Stephen Lagerfeld (2010) described his father’s work as a spirit transcending economics. As his father traveled to work each day he shook his head in pity at the “poor tied-and-jacketed drones” (p. 1) heading in the opposite direction. Although Lagerfeld’s father did not enjoy the security of stable employment, he had his own nursery business, which spawned several other ventures and employed more than 50 people. Lagerfeld said employing other people moved his father the most. Lagerfeld portrayed entrepreneurship as “the pursuit of happiness” (p.1) through autonomy and self-creation. Money is nice, but the entrepreneurial spirit overshadows all else.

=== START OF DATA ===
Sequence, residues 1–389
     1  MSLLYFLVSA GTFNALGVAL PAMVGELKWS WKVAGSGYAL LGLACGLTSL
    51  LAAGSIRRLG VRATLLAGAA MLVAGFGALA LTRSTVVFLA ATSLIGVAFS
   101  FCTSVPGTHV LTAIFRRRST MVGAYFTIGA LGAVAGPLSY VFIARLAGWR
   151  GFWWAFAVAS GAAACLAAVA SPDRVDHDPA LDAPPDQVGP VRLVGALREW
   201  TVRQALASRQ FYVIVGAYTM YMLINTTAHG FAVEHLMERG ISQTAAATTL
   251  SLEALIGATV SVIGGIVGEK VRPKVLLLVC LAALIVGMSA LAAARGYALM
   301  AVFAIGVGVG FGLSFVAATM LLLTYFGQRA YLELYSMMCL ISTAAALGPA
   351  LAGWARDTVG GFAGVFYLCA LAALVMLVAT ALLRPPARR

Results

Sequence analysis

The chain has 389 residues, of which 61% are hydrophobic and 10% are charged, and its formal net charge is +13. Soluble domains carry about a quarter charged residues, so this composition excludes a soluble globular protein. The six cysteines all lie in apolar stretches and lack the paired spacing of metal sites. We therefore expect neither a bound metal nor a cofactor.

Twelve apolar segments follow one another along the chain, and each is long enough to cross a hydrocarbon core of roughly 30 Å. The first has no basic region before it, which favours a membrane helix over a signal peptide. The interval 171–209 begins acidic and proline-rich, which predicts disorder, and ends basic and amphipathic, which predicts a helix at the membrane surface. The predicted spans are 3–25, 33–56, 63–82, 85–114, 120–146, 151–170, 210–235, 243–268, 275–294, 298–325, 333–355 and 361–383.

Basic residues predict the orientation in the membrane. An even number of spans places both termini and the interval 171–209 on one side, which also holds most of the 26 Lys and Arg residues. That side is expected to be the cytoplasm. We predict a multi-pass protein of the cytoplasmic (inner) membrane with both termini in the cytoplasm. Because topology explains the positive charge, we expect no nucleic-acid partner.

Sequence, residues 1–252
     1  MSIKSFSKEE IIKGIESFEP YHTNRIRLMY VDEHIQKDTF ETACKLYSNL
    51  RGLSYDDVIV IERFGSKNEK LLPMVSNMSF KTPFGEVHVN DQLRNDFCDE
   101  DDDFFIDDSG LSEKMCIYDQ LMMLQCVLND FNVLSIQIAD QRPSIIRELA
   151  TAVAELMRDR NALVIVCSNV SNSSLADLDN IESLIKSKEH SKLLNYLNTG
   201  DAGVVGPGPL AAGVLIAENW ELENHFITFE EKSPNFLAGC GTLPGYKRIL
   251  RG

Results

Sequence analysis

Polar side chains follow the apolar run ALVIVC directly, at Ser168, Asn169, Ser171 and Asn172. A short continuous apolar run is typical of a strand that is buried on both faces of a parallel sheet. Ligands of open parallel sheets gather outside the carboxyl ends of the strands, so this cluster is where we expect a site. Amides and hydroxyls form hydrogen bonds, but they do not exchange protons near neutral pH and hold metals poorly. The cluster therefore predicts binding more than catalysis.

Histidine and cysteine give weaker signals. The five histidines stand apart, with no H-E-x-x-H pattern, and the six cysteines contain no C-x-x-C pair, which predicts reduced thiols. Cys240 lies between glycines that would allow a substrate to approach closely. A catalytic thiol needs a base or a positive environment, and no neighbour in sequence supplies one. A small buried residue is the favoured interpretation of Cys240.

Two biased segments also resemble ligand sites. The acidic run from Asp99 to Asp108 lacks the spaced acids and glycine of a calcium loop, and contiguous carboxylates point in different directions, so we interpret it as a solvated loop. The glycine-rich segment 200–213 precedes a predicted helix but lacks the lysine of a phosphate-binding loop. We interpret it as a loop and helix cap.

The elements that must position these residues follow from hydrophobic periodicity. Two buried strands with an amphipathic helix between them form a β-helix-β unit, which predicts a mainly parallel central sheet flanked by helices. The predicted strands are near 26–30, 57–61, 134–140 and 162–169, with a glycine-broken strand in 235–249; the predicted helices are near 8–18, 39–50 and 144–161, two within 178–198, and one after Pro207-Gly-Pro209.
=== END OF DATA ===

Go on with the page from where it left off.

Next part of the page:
Although Lagerfeld’s father almost lost everything during the recession in the early 1970s, he managed to escape with a decent retirement until his death. Lagerfeld’s father did not mind having to work six days a week and many hours without the same security of the drones to find happiness. Lagerfeld’s father’s greatest joy came from the entrepreneurial spirit and his independence and self-expression (Lagerfeld, 2010).
Entrepreneurs often traverse in an opposite direction and rebel from traditional work. Entrepreneurs are the engine of creation and employment. Entrepreneurs enjoy the challenge more than the money. Capitalism relies on the entrepreneur to get through the rough times and rejuvenate the economy.
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Lagerfeld, S. (2010). The spirit moves us. [Brief article editorial]. The Wilson Quarterly, 34(2), 4.